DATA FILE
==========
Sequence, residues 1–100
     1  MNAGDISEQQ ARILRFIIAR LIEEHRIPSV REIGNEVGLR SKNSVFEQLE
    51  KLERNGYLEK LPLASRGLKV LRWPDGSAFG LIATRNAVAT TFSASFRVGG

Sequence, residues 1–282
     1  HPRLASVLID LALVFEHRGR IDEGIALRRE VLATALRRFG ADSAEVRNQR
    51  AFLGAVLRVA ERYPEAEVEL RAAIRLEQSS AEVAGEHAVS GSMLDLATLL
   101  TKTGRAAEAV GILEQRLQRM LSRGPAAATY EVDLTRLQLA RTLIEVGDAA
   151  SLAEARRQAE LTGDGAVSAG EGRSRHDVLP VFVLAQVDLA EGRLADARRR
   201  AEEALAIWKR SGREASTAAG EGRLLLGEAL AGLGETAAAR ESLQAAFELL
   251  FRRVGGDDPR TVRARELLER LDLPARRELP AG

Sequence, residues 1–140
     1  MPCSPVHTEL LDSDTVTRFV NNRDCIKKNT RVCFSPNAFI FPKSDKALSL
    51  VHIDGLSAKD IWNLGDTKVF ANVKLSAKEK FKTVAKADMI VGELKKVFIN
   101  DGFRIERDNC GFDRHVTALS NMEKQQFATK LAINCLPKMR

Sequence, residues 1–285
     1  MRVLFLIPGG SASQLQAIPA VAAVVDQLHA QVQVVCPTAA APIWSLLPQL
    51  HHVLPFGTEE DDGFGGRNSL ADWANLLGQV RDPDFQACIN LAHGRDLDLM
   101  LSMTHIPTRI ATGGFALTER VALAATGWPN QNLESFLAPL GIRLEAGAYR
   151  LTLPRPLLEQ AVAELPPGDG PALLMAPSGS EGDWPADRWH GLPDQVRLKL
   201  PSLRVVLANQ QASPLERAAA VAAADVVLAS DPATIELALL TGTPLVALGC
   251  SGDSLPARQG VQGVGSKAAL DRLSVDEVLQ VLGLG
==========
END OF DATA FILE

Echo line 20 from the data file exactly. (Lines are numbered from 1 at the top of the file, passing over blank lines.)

   201  PSLRVVLANQ QASPLERAAA VAAADVVLAS DPATIELALL TGTPLVALGC